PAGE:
BY JOB KABOCHI AND LORNA ONDUU
In financing the huge infrastructural projects, the government ought to involve both the private and public entities as well as local and foreign investors
According to Kenya Vision 2030, Kenya as a country aspires to transform from a lower middle-income country to an upper middle-income country by the year 2030. This aspiration is valid and attainable as most of the economic fundamentals are largely in place to enable the country take off. In this regard, the Government’s development policies are driven by its desire to achieve Vision 2030.
Investment in infrastructure is expected to drive this growth as it generates the fundamental facilities, services and systems needed for economic growth. The 2018/19 national budget broadly gave a picture of a government focused on investments that will stimulate economic growth, create jobs, transform lives and reduce poverty and inequality. The focus on the big four agenda creates a roadmap for Kenya’s social and economic transformation as embedded in Vision 2030. Whereas KSh460 billion was allocated to the big four, a further KSh992 million was allocated to key enablers like infrastructure, security and education.
Infrastructure is made up of interrelated sectors as diverse as water treatment plants to airports, electrical grids, gas lines or broadband/ telecommunication networks, which work in an intertwined spirit for the operations of a society.
Tax policies fail infrastructural growth
Unfortunately, the focus on infrastructure in the abstract leads to unrealistic silver-bullet policy solutions that fail to capture the unique and economically critical attributes of each area of infrastructure.
Each infrastructure sector involves fundamentally different design-frameworks and market attributes that are owned, regulated, governed and operated by different public and private entities. It is also an acknowledged fact that infrastructural projects that play a significant role in the growth of an economy require massive capital investment. The question then lingers, what have we put on the table in support of the infrastructural fantasies we aspire to make reality? As tax practitioners, the conversation on financing these gigantic infrastructural projects will be naturally biased towards tax incentives and other tax policies aimed at enticing potential developers as well as the Government’s ability to generate revenues.
To accelerate realisation of the big four agenda and ultimately Vision 2030, it is our view that the Government must acknowledge the need for increased public private partnerships (PPPs) in the financing and development of infrastructural projects. The scale of the capital requirements on these projects is such that there tends to be heavy reliance on foreign debt capital to finance the project costs, typically 70-80 per cent of the total investment. What this means is that most of the special purpose vehicles (SPV) set up for the PPP projects will have very high levels of debt. Accordingly, it is our view that Government should consider tax initiatives that entice and lock both foreign and local investors.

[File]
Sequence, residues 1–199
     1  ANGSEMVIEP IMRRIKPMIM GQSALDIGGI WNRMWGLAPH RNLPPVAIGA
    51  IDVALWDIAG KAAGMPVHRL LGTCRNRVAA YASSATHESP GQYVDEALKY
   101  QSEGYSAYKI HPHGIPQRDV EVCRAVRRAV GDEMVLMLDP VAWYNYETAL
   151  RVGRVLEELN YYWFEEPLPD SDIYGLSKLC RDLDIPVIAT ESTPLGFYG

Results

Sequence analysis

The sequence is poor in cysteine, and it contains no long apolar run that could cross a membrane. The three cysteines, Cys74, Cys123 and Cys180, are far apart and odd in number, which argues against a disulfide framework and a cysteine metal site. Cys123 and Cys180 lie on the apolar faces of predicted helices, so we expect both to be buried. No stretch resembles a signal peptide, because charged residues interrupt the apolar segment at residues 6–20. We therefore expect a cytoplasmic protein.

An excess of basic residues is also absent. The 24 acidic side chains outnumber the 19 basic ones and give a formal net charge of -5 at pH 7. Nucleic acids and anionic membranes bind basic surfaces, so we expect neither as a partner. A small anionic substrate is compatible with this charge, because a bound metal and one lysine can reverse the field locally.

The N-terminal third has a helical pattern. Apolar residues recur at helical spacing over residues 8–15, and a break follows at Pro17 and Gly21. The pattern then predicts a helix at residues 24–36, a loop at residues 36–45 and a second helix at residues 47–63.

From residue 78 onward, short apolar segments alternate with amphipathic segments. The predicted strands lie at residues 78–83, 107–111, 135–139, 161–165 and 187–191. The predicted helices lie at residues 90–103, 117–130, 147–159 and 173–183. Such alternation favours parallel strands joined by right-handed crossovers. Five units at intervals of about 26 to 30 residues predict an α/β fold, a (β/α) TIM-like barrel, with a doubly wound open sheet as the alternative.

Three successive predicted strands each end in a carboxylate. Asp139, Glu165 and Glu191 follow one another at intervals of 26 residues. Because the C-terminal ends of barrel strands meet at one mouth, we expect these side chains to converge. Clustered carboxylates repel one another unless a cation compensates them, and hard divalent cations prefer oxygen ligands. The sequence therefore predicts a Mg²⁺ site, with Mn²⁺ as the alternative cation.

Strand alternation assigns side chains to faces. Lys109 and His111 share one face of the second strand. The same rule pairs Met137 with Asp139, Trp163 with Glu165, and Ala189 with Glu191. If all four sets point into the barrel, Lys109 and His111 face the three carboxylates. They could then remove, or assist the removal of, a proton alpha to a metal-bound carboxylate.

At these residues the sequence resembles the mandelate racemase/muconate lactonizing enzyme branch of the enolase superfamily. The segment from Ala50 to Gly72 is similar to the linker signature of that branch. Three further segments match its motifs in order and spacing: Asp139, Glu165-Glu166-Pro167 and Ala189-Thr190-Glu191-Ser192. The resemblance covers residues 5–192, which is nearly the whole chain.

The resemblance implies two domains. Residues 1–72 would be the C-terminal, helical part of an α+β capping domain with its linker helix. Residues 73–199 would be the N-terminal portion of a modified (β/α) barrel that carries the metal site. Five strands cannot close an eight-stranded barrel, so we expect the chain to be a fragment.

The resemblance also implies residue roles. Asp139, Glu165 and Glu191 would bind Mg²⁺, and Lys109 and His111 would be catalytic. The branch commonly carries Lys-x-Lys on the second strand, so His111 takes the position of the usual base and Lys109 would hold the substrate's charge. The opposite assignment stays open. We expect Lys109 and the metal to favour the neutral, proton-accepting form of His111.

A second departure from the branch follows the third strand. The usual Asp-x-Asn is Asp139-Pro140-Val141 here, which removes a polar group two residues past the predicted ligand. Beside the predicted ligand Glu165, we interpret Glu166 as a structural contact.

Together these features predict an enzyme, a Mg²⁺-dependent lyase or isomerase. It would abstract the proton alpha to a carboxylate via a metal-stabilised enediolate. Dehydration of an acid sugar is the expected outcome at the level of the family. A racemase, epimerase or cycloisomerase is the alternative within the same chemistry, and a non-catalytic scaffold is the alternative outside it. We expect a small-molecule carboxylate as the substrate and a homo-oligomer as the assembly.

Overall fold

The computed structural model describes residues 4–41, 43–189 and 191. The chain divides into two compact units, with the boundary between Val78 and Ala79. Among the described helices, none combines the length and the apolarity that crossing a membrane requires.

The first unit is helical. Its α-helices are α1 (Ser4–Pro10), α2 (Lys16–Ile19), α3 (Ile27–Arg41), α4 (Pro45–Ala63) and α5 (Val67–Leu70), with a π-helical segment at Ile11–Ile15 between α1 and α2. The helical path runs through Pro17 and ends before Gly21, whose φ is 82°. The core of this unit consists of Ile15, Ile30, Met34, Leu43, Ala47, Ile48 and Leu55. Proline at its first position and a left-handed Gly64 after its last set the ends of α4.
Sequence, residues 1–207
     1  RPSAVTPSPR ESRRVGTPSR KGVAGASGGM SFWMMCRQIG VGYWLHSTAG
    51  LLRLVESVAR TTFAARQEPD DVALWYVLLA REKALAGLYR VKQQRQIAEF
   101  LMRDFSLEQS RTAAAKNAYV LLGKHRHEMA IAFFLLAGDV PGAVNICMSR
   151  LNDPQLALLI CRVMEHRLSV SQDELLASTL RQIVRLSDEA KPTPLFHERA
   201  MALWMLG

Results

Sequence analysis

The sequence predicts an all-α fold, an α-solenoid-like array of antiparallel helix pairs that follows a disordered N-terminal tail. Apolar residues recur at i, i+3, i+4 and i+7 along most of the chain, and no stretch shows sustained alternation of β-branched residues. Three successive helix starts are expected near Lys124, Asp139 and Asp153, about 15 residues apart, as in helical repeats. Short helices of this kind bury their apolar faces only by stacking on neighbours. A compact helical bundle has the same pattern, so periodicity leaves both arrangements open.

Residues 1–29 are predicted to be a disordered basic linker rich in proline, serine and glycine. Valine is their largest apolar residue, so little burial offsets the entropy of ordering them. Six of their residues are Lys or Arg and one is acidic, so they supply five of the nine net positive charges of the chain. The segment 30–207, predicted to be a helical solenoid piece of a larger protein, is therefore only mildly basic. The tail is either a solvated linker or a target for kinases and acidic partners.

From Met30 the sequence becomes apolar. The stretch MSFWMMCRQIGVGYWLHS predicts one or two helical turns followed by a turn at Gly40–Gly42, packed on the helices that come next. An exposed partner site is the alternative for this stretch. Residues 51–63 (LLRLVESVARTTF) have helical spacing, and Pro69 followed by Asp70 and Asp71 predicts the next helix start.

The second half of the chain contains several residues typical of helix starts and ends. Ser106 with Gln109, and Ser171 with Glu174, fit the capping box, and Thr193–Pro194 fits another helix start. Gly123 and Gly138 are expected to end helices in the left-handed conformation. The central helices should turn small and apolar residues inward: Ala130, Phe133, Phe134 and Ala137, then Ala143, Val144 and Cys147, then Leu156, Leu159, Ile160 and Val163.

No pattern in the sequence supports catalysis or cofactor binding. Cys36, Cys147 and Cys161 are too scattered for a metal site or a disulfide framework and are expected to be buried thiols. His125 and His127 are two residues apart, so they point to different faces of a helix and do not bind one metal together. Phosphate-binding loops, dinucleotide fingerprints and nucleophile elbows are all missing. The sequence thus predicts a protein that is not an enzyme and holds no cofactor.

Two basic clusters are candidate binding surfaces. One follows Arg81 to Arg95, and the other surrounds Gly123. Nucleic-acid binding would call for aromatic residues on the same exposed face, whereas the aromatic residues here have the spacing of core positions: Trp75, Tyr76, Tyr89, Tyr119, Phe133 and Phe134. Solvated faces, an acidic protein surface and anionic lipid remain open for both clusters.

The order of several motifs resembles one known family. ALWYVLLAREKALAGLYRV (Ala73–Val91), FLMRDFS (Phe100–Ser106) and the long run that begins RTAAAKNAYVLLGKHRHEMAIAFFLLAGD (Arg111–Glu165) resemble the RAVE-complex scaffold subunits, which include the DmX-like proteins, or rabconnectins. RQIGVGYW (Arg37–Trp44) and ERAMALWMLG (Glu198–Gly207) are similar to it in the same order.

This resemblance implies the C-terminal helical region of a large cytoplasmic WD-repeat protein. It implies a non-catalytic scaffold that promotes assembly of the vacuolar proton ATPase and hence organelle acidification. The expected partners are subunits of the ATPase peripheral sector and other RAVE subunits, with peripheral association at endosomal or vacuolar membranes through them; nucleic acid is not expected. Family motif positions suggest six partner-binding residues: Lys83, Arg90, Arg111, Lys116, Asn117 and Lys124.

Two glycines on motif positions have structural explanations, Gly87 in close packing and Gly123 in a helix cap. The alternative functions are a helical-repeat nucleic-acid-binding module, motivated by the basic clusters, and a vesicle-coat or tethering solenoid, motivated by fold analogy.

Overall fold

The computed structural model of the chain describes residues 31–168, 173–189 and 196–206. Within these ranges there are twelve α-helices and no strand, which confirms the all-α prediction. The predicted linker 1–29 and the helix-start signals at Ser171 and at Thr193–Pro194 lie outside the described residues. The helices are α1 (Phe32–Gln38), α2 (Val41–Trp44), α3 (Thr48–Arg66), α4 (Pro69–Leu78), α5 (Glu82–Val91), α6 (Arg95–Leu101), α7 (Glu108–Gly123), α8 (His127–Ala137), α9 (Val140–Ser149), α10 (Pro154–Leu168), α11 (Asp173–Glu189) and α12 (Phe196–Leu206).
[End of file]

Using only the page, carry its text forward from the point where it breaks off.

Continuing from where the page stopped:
Deterrent tax legislation
Unfortunately, some of our tax legislation and regulations don’t render themselves to encouraging investment in the country. For instance, under the current Income Tax legislation, a company is thinly capitalised if it is foreign controlled and its interest-bearing loans exceed 3 times the aggregate of issued and paid up share capital of all classes and revenue reserves. Therefore, if an SPV finances a project using 80 per cent debt finance (including shareholder loans) and 20 per cent pure equity contribution, then it will be thinly capitalised as its debt will be four times the amount of equity (assuming no revenue reserves) breaching the 3:1 debt to equity ratio. The implications of this capitalisation is the disallowance of interest incurred on foreign debt in the determination of income tax liability. This has a direct impact on the returns that the investor receives for their investment. What thin capitalisation creates is an uneven playing field between foreign and local participants in Kenya’s PPP programme, which given the need to mobilise foreign capital would seem inappropriate and indeed counter-productive to Kenya’s infrastructure development ambitions.
What Government should do
If the government were to exempt PPP parties in the infrastructure niche from the thin capitalisation provision or alternatively broaden the allowable ratio of debt to equity, such actions would directly reduce the cost of investment and hence attract more foreign capital.
Such a change is likely to make the process of awarding contracts more competitive ensuring that the benefits are passed on to Government or the users in the form of lower charges. Additionally, the Government will also benefit from revenue generated from withholding tax on interest payments on foreign debt capital.
Another action that the Government could consider in support of infrastructural development is amendment of the Value Added Tax (VAT) law to exempt equipment imported for the purposes of infrastructure projects as was provided for under the repealed VAT Act, Cap 476. Under the repealed legislation, The Minister of Finance had power to grant VAT remissions to qualifying projects. However, this remission was scrapped upon enactment of the VAT Act in 2013 – while the new legislation provided a transitional period of five years for utilization of remission granted under the repealed law, this period lapsed on 31 August 2018. The Government should consider re-introducing this remission scheme to be in line with the government’s plan to encourage development of infrastructural facilities through the PPP model.
Job Kabochi is a Partner and Lorna Onduu is a Senior Associate with PwC Kenya’s tax practice. Email: firstname.lastname@example.org, email@example.com